The International Monetary Fund renewed its warning about the risks to the U.K.’s economic outlook if Britain leaves the European Union without a deal.

The Washington-based lender held its 2019 growth forecast at 1.5 per cent, saying the fiscal stimulus announced in the Oct. 29 budget would likely help offset the dampening effect which Brexit fears are having on the world’s fifth-biggest economy. However, “substantial uncertainty” surrounds the estimate.

“This baseline projection assumes that a Brexit deal is reached in 2019 and that the U.K. transitions gradually to the new regime,” the IMF said in its World Economic Outlook Update Monday. “However, as of mid-January, the shape that Brexit will take remains highly uncertain.”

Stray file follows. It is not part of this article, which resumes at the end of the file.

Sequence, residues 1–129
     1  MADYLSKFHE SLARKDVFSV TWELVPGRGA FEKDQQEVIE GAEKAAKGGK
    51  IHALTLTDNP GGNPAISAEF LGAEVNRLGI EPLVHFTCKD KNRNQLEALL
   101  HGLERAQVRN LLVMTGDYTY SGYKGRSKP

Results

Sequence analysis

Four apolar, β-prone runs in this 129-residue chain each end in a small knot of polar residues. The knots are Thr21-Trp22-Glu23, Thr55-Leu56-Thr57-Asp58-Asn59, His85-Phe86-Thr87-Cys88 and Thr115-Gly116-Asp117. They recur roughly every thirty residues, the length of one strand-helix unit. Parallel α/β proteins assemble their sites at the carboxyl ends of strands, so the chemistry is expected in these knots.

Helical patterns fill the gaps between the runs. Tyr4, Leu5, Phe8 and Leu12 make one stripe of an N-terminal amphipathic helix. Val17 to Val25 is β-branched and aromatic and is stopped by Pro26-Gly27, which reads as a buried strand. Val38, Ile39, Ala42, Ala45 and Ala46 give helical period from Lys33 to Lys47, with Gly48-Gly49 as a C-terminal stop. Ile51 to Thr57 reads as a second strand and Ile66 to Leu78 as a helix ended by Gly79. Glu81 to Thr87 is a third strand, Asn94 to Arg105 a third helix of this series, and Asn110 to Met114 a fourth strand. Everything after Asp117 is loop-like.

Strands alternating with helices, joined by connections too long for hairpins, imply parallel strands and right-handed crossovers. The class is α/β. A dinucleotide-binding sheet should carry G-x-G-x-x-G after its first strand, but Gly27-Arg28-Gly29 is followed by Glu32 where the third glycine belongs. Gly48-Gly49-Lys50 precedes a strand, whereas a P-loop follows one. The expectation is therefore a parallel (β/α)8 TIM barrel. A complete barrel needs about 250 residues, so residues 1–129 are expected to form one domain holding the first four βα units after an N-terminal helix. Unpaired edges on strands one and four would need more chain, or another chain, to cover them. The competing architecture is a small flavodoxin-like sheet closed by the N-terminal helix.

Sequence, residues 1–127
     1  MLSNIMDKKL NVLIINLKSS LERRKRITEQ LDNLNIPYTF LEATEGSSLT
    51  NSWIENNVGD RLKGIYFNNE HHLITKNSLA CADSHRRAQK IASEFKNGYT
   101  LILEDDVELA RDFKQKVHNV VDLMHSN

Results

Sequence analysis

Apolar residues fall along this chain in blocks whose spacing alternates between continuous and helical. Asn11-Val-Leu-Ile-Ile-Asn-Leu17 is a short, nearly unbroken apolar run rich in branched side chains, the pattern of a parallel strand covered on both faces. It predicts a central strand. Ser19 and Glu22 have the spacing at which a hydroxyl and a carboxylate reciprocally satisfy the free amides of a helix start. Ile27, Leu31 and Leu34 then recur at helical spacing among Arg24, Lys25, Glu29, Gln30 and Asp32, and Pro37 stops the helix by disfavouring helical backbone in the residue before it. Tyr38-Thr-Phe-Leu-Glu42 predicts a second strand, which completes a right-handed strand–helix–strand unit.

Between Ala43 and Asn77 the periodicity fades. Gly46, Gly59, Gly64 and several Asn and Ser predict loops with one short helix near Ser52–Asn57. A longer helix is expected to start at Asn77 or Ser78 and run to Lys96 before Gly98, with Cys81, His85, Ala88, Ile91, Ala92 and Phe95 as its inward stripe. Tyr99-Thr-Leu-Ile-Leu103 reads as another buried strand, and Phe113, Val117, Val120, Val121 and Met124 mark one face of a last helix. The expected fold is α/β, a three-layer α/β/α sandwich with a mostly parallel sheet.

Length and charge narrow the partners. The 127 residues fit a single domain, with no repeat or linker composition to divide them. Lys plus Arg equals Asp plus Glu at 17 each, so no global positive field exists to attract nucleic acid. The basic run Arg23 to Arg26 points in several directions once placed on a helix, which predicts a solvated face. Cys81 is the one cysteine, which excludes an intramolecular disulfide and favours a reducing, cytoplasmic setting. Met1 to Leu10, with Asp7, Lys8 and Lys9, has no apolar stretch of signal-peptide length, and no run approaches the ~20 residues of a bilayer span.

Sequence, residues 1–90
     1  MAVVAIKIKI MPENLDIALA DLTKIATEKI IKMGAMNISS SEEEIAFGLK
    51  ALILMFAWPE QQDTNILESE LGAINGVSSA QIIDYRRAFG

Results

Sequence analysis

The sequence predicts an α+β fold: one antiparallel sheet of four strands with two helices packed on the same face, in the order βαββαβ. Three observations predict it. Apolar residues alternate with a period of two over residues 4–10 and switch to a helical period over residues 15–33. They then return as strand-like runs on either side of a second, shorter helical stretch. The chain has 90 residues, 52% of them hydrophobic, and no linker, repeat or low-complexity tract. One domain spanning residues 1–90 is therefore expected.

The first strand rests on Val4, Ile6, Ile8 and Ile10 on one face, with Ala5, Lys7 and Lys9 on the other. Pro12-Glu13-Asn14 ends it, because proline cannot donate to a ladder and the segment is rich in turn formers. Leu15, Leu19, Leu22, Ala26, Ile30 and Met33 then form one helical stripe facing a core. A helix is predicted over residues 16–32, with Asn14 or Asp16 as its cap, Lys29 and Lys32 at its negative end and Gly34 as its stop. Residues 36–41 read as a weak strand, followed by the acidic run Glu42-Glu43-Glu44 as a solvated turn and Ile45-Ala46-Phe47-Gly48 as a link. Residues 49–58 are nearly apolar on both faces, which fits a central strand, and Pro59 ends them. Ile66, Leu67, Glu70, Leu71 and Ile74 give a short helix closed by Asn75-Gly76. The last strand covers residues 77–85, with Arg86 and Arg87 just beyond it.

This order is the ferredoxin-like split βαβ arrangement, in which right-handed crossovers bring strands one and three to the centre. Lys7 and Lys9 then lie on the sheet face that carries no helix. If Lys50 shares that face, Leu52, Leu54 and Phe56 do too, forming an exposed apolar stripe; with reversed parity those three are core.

The forecasts were published on the eve of the World Economic Forum’s annual meeting in Davos, Switzerland. U.K. Prime Minister Theresa May isn’t attending this year as she deals with the unfolding political drama at home.

With less than 10 weeks before the U.K. is due to leave the EU, time is running out for May to get a withdrawal deal through Parliament after lawmakers emphatically rejected her blueprint last week. May will present her Plan B later Monday.

A chaotic departure would threaten the global outlook, according to the IMF. Global growth is set to slow to 3.5 per cent in 2019, though it could be weaker if a no-deal Brexit or a larger-than-anticipated slowdown in China materialize, it said.

The IMF sees the U.K. economy expanding 1.6 per cent in 2020, little changed from the 1.5 per cent it forecast in October.